Work out the returns you need to achieve your goals (but make sure you can take the risk). Work out the returns (adjusting for transaction costs and inflation) you need to achieve your goals given the capital you are starting with and how much you need in the future. But do manage your expectations for returns so it’s based on a level of risk you are comfortable with. When looking for a product suitable for you, do shop around and compare what’s available before making a decision.
Know what products you already have and consider how to build a diversified portfolio starting with these. You might already have some shares or insurance products that are bundled with investments, e.g. whole life or endowment participating or investment linked policies. Know how the new product could enhance existing portfolio of investments. It may be to replace some part of, or supplement or complement your existing portfolio.

Will a new product you are considering lead to you being over-insured or over-exposed to certain investments?

iv) Consolidate and prioritise your goals

After examining what you need, when you need it, how much you can invest, and the risk you can afford to take, you may need to reprioritise your goals. You might need to settle for a smaller house or smaller car, but it would be unwise not to build up adequate retirement savings and provide for adequate healthcare cover.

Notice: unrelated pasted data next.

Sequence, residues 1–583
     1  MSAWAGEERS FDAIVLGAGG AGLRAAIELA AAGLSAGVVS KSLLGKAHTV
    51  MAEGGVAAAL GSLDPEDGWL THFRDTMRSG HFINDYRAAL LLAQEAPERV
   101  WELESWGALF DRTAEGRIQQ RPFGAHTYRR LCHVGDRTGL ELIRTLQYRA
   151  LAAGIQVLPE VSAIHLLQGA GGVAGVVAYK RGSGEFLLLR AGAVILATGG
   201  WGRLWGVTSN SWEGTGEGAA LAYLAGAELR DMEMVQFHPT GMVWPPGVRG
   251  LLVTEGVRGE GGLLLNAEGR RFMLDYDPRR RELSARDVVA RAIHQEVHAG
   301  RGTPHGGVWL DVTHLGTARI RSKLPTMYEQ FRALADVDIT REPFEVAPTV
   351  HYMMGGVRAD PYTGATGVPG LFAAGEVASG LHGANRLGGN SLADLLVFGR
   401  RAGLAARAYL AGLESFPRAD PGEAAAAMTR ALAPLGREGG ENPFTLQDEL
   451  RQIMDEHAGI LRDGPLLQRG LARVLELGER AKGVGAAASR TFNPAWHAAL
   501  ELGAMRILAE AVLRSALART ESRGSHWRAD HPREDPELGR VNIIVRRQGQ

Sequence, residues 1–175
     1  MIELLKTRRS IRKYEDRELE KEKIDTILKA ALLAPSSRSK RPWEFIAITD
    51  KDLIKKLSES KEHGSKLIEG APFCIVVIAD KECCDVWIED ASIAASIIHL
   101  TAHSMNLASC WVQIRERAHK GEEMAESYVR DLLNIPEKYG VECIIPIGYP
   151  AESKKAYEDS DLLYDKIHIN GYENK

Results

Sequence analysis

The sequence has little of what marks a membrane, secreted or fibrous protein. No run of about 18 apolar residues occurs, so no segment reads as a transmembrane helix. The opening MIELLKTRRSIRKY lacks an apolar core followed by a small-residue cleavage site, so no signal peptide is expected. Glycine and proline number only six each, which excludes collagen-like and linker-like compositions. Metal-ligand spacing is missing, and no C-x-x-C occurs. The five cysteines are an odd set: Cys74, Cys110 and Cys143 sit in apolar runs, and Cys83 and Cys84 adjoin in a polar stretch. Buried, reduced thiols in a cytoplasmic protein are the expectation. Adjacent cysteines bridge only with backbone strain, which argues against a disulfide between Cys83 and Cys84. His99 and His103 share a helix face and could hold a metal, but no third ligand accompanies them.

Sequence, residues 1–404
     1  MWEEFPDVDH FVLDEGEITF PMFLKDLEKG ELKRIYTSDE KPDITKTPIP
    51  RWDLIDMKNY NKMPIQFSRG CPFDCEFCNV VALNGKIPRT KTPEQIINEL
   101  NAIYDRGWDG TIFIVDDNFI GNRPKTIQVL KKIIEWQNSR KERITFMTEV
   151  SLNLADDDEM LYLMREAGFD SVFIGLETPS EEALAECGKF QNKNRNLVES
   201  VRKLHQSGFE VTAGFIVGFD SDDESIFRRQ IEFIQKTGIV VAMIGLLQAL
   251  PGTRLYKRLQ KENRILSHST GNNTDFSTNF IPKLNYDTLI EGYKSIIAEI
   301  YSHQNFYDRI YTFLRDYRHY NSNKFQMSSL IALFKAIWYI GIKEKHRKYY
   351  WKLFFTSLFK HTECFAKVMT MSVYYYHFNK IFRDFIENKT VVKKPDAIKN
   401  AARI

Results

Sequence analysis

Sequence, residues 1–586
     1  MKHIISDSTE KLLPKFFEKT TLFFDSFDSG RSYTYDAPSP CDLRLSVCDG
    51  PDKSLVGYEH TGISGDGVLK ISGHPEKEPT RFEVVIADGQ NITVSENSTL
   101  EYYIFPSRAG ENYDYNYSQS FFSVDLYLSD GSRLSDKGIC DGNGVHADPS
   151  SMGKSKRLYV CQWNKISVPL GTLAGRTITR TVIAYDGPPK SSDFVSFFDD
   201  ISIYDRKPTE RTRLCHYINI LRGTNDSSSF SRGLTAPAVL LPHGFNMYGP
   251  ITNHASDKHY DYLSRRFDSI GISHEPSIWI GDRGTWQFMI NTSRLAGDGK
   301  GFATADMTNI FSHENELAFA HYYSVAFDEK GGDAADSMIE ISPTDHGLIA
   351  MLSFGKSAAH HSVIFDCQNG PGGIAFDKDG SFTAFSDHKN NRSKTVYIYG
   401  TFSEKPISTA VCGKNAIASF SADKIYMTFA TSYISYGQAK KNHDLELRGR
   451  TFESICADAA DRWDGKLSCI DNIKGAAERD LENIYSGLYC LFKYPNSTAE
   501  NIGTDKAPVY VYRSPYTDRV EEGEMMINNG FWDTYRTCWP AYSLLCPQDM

v) What steps should you take to achieve your goal?

This could be saving up or investing in a diversified portfolio of financial products to help you achieve what you need. Always keep the steps above in mind when considering what action to take. Choose your investments based on how it’s suitable for your needs and personal circumstances, how well you understand the product, and how it will fit in your diversified portfolio to reach your investment objectives.

Do find out whether you can manage risks or limit losses once you are invested. Remember there are products where you can lose all your initial investment, products where you can lose more than your initial investment and products whose market values go up and down. With the latter, do be aware that markets could be at a downturn when you want to take out your money, so it is important to monitor your investments carefully in case you need to liquidate or take other action sooner.

Do consider dollar cost averaging as a means to accumulating the assets you want.

vi) Monitoring performance, rebalancing and adjusting your investments

Investing is an on-going responsibility. Even if you can choose to be somewhat passive – investing mainly in unit trusts or funds that track indices - you should regularly review the performance of your investments to see if you are on track to achieving your goals. Keep watch over the factors which may influence the performance of your investments. You may need to take action if your investment is underperforming.

 

The above information is prepared in collaboration with the Association of Banks in Singapore, Investment Management Association of Singapore and Securities Investors Association (Singapore).